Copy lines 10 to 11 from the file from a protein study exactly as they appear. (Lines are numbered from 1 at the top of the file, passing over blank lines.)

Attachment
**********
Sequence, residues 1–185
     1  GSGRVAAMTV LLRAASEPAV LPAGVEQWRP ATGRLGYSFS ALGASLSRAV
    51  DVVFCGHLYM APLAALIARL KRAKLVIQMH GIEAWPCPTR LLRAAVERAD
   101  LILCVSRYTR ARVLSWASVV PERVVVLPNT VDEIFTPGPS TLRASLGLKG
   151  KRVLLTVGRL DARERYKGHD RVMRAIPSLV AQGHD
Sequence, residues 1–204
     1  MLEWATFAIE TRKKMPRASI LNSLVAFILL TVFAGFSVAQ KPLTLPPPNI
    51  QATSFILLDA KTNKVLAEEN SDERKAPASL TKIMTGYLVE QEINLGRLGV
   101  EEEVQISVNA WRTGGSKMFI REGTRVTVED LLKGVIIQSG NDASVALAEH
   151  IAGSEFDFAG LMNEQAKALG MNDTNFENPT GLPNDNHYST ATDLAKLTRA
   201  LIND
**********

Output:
   151  IAGSEFDFAG LMNEQAKALG MNDTNFENPT GLPNDNHYST ATDLAKLTRA
   201  LIND